Your shopping cart is empty!
George Skouras explains the reasons that led him to the use of stelvin caps to his wines.
One of the biggest anxieties a winemaker has towards his clients, is about the product reaching the final consumer's hands as it was produced. The reason is simple: If a bottle arrives in our hands not as it was supposed to be, if or example is oxidised, or remains under warm conditions over a log period, then it's easy to think that the producer is not capable or that we don't like the wine and it's less possible to understand that we are facing a flawed bottle. Of course we are talking about the majority of wine buyers and not for connoisseurs who through years of experience understand the problem's nature.
All of the above are in the heart of what we call Monitoring & Quality Assurance, an area in which wine producers spend substantial amounts of money. So it's almost oxymoron to wastefully use natural corks for capping our bottles, since we know that cork has high rates of failure. By failure we group a lot of problems that can occur, from sealing problems that lead to sporadic oxidations or entrainment, to cases where the cork affects the aromatic properties of a wine, whether we are talking about the famous “felloma”, fresh wood scents, or others.
The failure percentage' s size is a matter of investigation. There are studies talking about an 8% i.e. a bottle in each box(!) while the most optimistic study speaks of a 0.16%. As small as the second percentage seems, lets calculate the following: a winery that produces 1.000.000 bottles a year, will “give” 1600 defective or at least, “not right” bottles. These in return will disappoint or bother let's say about 4.000 to 5.000 thousand people. So without knowing it and without it being a primary responsibility, we do ourselves a big and negative campaign.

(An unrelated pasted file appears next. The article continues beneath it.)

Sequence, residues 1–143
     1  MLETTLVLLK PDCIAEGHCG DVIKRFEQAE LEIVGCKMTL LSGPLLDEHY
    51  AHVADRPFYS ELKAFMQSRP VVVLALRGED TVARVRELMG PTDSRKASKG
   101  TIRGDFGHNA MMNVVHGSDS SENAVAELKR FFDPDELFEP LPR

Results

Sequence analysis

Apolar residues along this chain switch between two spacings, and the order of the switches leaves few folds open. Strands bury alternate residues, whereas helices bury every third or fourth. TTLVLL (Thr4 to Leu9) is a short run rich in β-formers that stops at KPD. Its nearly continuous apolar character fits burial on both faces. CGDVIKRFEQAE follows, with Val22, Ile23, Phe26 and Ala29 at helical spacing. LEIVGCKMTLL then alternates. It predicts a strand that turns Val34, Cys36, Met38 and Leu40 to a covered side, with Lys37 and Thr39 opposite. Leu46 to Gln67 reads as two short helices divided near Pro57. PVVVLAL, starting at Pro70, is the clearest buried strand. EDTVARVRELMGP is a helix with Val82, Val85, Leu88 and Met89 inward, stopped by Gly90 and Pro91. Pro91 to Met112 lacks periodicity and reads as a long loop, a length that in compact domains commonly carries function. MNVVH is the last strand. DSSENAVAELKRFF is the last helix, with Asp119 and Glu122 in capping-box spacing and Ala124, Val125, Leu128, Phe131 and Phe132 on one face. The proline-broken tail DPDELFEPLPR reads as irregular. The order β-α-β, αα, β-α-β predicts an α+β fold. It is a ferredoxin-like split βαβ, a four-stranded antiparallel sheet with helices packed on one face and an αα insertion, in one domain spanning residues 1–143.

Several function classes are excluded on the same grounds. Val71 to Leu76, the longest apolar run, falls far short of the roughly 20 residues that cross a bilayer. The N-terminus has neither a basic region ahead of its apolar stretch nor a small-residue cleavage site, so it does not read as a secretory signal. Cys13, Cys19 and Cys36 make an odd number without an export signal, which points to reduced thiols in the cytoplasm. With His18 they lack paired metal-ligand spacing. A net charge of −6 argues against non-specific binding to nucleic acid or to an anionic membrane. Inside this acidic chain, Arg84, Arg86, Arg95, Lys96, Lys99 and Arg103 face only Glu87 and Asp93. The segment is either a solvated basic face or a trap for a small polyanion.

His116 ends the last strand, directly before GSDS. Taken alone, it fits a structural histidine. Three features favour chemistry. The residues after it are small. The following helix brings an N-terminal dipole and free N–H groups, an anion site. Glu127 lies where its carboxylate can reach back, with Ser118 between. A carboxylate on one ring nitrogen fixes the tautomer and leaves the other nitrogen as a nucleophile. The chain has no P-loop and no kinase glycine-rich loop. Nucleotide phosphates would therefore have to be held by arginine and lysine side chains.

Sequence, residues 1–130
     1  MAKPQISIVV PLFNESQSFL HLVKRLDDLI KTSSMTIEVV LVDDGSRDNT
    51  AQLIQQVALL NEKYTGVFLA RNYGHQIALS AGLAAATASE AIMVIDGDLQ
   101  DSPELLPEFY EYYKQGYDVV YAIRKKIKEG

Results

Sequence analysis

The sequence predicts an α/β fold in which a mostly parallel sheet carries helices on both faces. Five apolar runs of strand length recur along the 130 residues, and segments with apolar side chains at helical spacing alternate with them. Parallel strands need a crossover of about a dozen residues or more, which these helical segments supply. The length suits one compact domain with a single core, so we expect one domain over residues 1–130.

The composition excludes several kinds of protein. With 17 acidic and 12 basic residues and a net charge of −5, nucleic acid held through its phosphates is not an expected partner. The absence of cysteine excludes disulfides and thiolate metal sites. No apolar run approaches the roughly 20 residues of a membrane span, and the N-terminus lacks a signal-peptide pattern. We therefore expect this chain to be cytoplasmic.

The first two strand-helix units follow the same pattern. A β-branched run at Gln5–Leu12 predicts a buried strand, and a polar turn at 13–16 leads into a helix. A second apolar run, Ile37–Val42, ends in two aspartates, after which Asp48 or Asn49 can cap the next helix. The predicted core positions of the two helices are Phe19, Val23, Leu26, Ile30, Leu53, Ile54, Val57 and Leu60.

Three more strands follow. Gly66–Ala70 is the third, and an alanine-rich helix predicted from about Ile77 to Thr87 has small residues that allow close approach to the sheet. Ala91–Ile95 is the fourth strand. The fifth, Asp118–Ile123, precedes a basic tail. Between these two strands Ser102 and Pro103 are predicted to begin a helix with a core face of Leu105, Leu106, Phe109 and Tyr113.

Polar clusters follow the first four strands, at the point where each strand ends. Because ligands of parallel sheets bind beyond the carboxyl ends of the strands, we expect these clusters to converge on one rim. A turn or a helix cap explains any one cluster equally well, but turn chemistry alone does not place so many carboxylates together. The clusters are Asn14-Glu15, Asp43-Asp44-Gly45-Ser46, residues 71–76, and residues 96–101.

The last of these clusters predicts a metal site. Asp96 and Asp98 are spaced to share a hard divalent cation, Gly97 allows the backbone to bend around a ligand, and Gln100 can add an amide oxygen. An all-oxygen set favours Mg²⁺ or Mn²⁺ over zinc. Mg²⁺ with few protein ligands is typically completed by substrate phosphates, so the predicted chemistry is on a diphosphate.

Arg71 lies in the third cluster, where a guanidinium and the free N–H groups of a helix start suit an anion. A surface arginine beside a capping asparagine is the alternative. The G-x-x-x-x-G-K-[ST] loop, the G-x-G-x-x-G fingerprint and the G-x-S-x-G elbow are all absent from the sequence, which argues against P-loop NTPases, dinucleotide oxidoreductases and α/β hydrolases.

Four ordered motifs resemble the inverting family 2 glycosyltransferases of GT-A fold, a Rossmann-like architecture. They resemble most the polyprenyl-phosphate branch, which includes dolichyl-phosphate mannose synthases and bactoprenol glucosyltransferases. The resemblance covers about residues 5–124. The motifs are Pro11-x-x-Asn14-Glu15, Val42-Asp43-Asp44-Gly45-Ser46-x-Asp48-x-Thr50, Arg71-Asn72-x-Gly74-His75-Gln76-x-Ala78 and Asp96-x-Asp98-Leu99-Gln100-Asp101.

The fact tat the natural cork has problems is beyond debate. Companies that make them have also accepted it, which over the past few years have intensively dealt with providing the wine producers with a more reliable product. Something they have achieved. The first significant move towards alternative ways in bottle sealing was done in the 90's with the use of synthetic corks. Soon however, even the most ardent supporters realized that synthetic corks also had problems since after 12 to 18 months, they would lose their tightness and would give oxidized wines.
For almost a fifteen years, groups of wine producers from Clare Valley in Australia and New Zealand, decided to look for the “perfect wine cap” in threaded metal clasps and specifically in th Stelvin model, that is produces by the Pechiney Company. From the early stages, the results were excellent: the wine opened easily and without the use of tire-bouchon, there were no cork problems, while the wines preserved their freshness longer. Also, the wine' s character would change from bottle to bottle. What we call “bottle variation” is known for centuries amongst wine lovers, who claim that “there are no big wines but big bottles”. We believe that, if a wine bottle of a particular vintage is excellent, then the wine producer should make sure that EVERY single bottle of that wine MUST be the same, otherwise we don't respect the consumer. So, the Skoura Estate was the first winery in Greece that in the beginning of 2002 began to bottle wines using stelvin. A start was made with the Dum Vinum Sperum, after 2 years the Viognier Eclectique followed, and then other wines as well.